Before I went to work in the Copyright Office in 1987 or 1988 (I can't remember which), I was an avid reader of the Copyright Office's Compendia of Office Practices. There are two of them, one for the 1909 Act, which didn't have a chapter on examination apparently because Barbara Ringer couldn't let it go, and one for the 1976 Act, mostly completed in 1984 and which also didn't have a chapter on examination, but which later added one. The Compendia are internal manuals of sorts, but available to the public and highly informative. I highly recommend reading the 1909 Compendium for those who didn't practice under it and who want an idea of the gargantuan nature of formalities.
One word reappears in the Compendium, especially the II, and that is "generally." Once I was at the Office I asked Dick Glasgow, then the Associate GC, why "generally" so much? Dick said, the Office couldn't contemplate all situations, and besides liked to leave itself wiggle room. Courts do the same thing and generally for sound reasons, but in one instance, involving punitive damages, use of the word caused problems. Sometimes you have to set definitive rules. That's true in answering the question whether punitive damages are available under the Copyright Act. The answer is, no, never. The Act takes into account bad behavior in assessing damages only in awarding enhanced statutory damages under Section 504(c).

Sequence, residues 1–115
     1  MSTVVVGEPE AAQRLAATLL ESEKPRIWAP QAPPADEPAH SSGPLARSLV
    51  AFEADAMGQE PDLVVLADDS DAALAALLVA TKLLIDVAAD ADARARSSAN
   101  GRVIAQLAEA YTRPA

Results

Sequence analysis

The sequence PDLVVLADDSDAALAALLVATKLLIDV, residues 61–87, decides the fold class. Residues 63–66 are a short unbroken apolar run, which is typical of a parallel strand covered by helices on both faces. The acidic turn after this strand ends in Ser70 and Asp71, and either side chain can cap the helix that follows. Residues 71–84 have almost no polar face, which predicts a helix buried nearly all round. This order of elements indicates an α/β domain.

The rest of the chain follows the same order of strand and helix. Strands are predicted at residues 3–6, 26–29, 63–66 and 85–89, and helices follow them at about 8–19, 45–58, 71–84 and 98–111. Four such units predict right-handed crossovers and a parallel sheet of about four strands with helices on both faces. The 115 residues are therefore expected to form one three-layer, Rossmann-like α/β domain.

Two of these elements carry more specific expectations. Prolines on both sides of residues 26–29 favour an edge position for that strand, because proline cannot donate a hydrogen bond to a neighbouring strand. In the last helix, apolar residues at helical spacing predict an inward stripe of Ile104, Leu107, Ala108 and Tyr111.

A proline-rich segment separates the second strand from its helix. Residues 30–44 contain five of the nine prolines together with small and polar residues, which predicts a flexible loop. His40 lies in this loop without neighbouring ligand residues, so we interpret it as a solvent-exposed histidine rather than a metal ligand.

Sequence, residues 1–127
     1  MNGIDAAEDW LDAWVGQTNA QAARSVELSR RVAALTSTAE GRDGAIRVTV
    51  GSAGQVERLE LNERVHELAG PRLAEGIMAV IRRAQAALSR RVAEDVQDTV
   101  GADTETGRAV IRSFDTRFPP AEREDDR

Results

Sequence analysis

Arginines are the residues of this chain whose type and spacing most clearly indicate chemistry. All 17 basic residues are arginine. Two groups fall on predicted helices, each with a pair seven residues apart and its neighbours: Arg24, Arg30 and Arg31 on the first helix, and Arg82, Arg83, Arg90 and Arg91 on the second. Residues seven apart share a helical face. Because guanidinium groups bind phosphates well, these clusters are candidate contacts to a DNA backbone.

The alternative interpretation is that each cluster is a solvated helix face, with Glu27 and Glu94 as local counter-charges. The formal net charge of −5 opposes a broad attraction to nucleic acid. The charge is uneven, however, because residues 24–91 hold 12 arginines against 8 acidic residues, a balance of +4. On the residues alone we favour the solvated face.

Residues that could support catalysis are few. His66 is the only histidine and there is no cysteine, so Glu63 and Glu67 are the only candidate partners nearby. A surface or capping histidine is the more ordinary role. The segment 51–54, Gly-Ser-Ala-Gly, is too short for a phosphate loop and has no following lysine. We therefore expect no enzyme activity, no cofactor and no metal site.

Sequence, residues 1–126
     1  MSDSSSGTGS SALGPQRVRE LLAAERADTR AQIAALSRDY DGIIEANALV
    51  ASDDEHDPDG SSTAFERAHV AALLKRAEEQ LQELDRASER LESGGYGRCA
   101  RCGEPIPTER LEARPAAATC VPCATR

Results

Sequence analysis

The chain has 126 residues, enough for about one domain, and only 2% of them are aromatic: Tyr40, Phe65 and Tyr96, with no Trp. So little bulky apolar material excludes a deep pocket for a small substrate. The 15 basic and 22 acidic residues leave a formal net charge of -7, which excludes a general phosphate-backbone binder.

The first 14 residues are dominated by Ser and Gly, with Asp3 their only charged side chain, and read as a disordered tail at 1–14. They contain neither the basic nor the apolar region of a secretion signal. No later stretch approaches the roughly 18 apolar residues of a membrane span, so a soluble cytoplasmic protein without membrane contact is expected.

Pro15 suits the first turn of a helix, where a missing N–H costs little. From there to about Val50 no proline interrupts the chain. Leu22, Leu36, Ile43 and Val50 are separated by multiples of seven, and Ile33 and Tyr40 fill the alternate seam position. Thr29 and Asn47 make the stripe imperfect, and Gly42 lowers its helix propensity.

There was no doubt about this until On Davis v. Gap Inc., 246 F.3d 152, 172 (2d Cir. 2001) used the word generally in describing their unavailability; they were, the court said generally not available. The court said this not because it thought were available, but reflexively, out of a desire to preserve for itself the possibility of changing the law if it chose to at a future point. It didn't take long for an entreprising lawyer to argue generally meant sometimes now, no matter how rarely and that his case was one of those rare exceptions. The case was TVT Records v. Island Def Jam Music Group, 262 F. Supp.2d 185 (S.D.N.Y. 2003), and the district judge bought plaintiff's argument. Fortunately, his views were dictum because plaintiff opted for statutory damages. But another court also seemed unwilling to close the door, Blanch v. Koons, 329 F. Supp2d 568 (S.D.N.Y. 2004). The correct view is that of Judge Lynch in Leutwyler v. Royal Hashemite Court of Jordan, 184 F. Supp.2d 303, 308 (S.D.N.Y. 2001) and a more recent decision in Tampa, Calio v. Sofa Express, Inc., 368 F. Supp.2d 1290 (M.D. Fla. 2005).
Whether generally is generally a good idea, it was a bad one here.